For instance, the recently held National Honours offers Cole a way of looking at Nigeria differently. The honours’ list, he contends, reads like a typical EFCC list of high profile Nigerians wanted for financial crimes.
For him, shameless, has become a byword by which Nigeria’s leadership operates. In such dire situation in which Nigeria finds herself, Cole argues that the greatest favour writers have towards their country is to be absolutely free to write about these unnerving things. He also concedes that in such situation, a writer’s role is to “bring everybody to a place of productive discomfort; you have to be fearless about your creativity”, with the possibility of bringing about needed change in your society.
OFEIMUN, who read at Lifehouse, Victoria Island, Lagos, says his poetry is rooted in the desperate struggles of Nigerians in their bid to survive the sundry harshness imposed on them by a leadership that has repeatedly failed to deliver on fat promises. So, he insists, in spite of indices indicating otherwise, that Nigeria is eminently a savable country. Ofeimun’s optimism is infectious given the many turbulent years of leadership fiasco the country has undergone.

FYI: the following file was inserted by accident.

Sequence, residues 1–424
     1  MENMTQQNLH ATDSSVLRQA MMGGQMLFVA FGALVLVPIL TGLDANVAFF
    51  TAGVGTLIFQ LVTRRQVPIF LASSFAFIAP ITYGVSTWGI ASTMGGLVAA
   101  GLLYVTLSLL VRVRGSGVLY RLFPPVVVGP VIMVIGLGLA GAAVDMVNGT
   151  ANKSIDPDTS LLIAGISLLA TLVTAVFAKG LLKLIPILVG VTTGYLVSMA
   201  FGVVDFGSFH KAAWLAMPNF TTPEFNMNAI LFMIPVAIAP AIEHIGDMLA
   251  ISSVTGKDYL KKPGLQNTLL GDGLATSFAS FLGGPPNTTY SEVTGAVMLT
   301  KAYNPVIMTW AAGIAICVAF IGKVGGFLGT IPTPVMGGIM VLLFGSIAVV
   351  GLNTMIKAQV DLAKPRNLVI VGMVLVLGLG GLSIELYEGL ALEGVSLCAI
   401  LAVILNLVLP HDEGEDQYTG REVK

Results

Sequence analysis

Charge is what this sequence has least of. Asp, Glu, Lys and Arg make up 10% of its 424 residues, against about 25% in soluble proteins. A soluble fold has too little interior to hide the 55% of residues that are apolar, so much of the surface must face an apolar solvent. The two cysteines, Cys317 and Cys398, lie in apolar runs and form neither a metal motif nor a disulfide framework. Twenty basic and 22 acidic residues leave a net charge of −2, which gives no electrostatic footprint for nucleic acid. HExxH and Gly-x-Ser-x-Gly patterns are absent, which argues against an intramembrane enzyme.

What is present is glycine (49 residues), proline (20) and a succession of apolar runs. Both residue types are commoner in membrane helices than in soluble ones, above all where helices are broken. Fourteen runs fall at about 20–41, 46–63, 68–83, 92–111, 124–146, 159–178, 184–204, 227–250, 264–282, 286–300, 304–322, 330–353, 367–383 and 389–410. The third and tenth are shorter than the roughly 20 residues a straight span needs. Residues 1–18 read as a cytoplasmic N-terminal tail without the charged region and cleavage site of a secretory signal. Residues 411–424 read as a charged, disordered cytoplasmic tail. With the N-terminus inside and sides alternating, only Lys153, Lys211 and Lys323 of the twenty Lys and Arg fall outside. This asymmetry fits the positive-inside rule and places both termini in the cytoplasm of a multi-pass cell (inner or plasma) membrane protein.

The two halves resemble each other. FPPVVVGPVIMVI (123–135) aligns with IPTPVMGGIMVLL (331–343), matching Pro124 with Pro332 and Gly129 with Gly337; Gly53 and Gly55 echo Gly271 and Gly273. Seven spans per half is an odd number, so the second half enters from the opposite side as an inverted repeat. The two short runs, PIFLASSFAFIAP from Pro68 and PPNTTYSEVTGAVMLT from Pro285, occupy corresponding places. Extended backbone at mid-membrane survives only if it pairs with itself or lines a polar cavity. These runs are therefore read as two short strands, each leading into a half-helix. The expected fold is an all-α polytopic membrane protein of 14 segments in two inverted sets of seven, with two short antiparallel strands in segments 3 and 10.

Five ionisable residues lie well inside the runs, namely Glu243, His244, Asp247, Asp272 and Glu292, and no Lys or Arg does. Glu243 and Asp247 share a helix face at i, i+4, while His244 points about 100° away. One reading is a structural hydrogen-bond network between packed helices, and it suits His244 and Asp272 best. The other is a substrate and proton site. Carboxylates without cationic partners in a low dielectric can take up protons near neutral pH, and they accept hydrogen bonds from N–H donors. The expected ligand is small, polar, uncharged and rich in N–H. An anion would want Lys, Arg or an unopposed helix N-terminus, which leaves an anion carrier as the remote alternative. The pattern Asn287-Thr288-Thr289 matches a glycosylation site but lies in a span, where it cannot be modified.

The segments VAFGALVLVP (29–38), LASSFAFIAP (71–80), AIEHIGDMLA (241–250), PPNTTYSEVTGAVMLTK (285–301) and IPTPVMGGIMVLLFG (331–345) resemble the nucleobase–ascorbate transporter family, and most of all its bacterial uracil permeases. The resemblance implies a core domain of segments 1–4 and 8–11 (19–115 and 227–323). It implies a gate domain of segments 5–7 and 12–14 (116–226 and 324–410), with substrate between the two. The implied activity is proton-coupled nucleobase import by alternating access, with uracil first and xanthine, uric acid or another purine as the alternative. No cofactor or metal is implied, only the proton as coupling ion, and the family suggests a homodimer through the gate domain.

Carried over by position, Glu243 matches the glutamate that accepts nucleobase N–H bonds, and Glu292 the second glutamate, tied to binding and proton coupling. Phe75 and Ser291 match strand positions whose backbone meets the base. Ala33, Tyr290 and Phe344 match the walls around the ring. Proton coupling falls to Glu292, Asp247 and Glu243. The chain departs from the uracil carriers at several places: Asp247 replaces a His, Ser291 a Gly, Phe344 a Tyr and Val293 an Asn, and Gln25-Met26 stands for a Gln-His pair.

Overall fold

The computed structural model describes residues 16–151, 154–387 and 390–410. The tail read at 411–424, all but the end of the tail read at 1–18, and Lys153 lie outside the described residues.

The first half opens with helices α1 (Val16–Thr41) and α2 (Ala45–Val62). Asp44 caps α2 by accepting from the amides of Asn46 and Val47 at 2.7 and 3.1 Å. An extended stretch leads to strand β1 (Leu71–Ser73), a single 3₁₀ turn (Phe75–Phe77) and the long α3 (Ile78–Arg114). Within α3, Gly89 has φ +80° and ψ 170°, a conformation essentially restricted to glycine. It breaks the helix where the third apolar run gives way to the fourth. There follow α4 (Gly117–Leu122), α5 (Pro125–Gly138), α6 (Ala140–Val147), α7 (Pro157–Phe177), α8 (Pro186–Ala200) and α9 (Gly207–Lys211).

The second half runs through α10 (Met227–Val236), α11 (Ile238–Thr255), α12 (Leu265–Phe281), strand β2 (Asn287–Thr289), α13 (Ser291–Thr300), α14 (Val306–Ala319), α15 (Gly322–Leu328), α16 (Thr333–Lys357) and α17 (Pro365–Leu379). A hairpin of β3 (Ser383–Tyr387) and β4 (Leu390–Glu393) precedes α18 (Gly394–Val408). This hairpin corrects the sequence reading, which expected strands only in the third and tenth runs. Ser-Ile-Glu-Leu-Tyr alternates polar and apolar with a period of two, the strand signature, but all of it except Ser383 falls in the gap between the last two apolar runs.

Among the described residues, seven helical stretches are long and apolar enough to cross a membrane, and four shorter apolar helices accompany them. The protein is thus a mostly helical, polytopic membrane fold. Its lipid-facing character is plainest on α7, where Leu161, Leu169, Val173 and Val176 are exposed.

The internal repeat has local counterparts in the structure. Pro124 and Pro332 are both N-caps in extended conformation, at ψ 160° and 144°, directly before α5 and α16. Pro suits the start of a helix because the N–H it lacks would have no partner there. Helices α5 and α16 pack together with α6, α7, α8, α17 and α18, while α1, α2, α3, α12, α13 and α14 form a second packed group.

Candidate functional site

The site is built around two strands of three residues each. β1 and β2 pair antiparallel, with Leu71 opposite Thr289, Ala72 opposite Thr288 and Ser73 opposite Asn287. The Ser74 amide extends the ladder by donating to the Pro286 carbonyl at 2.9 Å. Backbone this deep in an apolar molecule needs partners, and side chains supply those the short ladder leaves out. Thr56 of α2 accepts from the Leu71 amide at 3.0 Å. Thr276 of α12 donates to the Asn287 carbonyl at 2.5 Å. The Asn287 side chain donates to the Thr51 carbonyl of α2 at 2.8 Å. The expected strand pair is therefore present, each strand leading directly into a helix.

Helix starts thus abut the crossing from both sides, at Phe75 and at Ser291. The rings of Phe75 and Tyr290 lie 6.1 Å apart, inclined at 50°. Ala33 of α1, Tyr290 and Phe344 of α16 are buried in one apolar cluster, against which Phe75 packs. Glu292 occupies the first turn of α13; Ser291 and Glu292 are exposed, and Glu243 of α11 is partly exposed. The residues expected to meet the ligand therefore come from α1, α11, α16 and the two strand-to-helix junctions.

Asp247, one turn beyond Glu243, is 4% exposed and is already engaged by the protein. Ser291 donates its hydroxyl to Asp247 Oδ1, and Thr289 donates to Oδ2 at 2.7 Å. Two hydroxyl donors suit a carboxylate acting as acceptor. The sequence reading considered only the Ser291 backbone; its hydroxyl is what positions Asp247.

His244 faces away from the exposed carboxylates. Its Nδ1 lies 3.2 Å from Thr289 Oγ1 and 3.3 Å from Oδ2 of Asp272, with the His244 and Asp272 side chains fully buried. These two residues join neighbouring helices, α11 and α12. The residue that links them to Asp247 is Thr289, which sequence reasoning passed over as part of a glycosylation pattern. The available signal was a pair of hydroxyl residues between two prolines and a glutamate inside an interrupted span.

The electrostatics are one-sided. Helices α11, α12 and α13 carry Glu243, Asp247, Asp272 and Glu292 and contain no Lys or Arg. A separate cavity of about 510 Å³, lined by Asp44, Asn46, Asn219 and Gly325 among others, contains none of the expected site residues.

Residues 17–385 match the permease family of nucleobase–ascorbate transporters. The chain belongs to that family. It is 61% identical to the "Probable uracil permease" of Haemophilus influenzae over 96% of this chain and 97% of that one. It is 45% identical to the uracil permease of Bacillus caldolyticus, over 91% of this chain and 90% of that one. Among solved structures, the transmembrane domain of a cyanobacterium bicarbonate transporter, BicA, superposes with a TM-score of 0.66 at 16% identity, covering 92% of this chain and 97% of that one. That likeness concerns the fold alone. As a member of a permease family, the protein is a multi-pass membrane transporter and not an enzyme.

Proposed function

“I don’t write poetry that takes people to the clouds,” Ofeimun affirms, arguing further that “there is no art by which to make a statesman wise, and any performance in symbols can change the world. When it is said in relation to poetry, it simply means that we cannot learn anything from written matter. That is really what it means. There is no art by which to make a statesman wise is added to the order that poetry makes nothing happen. I just happen to disagree with this.